Emmaus Road Theology…Introspectively; Part II

December 27, 2009

General

….continued

So, we all have different life experiences.  What one person understands easily, another understands with great difficulty.  Diversity is emphasized greatly within our institutions today.  Great are the types of people from around the globe.  Multiple languages, multiple physical abilities, multiple social levels and so on.  Not surprising there are multiple gods.

Gosh, I certainly don’t want to get into talking about the different levels of philosophical thought and sociological constructs etc…  This is, after all, just a blog post.  What I want to emphasize is the mind-numbing number of human reference points,….one for every person really,…billions.  Yet, if you hold to the Christian Trinitarian belief system, you realize the majesty of one God, one Voice, one Word, one Savior, one who is Holy.  One who is above all the fray.  One who can hear all prayers.  One who can hold all creation in His hands.  Unapproachable Glory.  There is so much more than the Jesus loves you, have a nice day triteness spewing from most Christian TV channels.  Having an over-arching 5 step process to your best life now makes about as much sense as one bloody shoe size for the whole of mankind.

I say all this because, like I was several years ago, when the world has you beat, and you’re looking and have determined that the God of the universe is the only way to turn, you don’t want some smiling pettifogger look you in the eye and regurgitate some form of mindless Christian speak.  No sir.  My God is bigger than the culture’s depiction of Him and I want to know Him in truth.  We’ve brought God down to our level and we’re trying to make him feel comfortable sitting in the parlor as we busy ourselves watching the ballgame.  We can’t each have our own way to God.  There is one God and we are fortunate that He gives us a way at all.

When you look at Scripture, you almost sense a frustrated undercurrent when you read in the Gospels some of the thoughts of the apostles….I want to sit on your right, on your left; let’s draw swords; let’s call down fire; let’s send them home.  It was as if they were trying to put Jesus into their construct for the redemption of Israel.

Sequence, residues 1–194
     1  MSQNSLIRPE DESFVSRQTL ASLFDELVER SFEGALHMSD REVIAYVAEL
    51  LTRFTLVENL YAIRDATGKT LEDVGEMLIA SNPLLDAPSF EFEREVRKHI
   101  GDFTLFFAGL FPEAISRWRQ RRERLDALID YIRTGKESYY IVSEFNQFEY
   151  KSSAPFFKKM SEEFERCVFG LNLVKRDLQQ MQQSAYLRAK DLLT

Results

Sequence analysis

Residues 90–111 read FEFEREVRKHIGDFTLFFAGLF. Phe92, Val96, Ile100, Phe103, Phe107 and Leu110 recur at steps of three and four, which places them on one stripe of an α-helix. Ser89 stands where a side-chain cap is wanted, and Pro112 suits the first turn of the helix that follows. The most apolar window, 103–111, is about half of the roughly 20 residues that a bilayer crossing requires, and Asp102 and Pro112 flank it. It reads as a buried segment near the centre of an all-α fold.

Cornelius Van Til, the Princeton and Westminster Theological Seminary professor from the middle of last century, stated: “There are no brute facts.  Facts are mute and are always interpreted in conformity with one’s presuppositions, whether those presuppositions are explicitly understood, or not.”(1)  Is it not wonder that not only do we have multiple religions, but we multiple flavors (good and bad) within the Christian community.  How do we know,…. I mean really know we know God, correctly?

Back, a couple years ago, I wasn’t sure why my conscience was tweaking me with respect to my understanding of God.  Then along came the Puritans.  I started reading several different volumes of different 17th century Christian Reformed authors, and I started talking about and studying them with many of my friends from Church.  I started to see a God who was truly Holy and totally in control of everything.  I started to see man for what he really is,…fallen, separate from God, unable to save himself, a sinner at heart, and incapable of pleasing God.  I can still hear the Puritan John Owen – “The unregenerate man cannot please God, the unregenerate man cannot please God….”  I began to see God as infinitely Holy and man as infinitely sinful, unable to approach God of his own accord.